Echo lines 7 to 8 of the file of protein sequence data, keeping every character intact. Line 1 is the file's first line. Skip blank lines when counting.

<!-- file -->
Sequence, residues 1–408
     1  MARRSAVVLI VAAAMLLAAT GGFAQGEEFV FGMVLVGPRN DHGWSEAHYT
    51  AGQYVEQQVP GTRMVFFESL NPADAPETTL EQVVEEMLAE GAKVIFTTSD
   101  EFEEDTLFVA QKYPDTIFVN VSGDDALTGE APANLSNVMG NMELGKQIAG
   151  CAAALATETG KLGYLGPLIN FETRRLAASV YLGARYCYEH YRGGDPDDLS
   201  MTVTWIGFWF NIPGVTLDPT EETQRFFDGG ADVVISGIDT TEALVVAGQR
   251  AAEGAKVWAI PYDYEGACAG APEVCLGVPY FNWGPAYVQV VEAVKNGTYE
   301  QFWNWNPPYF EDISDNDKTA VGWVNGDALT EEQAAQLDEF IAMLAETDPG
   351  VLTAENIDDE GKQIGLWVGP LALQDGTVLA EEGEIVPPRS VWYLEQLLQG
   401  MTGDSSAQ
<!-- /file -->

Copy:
   251  AAEGAKVWAI PYDYEGACAG APEVCLGVPY FNWGPAYVQV VEAVKNGTYE
   301  QFWNWNPPYF EDISDNDKTA VGWVNGDALT EEQAAQLDEF IAMLAETDPG